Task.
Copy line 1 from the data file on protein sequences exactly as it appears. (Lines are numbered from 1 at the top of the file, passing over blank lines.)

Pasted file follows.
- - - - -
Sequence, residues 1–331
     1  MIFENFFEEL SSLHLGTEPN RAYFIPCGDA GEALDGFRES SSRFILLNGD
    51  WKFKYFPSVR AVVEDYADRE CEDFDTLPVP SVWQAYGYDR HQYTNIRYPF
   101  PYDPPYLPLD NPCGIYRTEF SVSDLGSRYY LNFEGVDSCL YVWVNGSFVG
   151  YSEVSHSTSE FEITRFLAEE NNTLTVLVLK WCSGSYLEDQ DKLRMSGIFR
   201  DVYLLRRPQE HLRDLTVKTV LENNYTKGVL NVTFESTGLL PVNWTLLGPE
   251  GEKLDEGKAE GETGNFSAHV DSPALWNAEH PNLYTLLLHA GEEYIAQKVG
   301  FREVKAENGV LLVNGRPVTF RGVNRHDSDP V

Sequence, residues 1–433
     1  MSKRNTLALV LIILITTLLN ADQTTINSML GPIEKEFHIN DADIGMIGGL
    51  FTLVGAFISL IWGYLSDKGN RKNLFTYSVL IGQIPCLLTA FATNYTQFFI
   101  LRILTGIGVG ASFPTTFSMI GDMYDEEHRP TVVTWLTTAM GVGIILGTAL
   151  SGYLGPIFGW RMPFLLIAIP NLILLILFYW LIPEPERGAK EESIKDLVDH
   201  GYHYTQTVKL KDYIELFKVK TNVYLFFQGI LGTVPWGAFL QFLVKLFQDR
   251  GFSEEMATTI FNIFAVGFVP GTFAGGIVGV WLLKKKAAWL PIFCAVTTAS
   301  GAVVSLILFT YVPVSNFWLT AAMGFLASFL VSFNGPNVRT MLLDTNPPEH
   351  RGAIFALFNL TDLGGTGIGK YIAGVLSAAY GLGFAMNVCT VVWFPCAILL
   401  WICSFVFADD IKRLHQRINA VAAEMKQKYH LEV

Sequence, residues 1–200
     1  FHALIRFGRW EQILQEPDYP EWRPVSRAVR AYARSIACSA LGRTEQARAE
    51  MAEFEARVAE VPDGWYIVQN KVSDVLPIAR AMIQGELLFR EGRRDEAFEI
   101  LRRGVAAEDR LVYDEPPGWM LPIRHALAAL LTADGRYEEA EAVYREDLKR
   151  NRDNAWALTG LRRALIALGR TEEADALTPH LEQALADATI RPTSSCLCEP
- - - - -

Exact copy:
Sequence, residues 1–331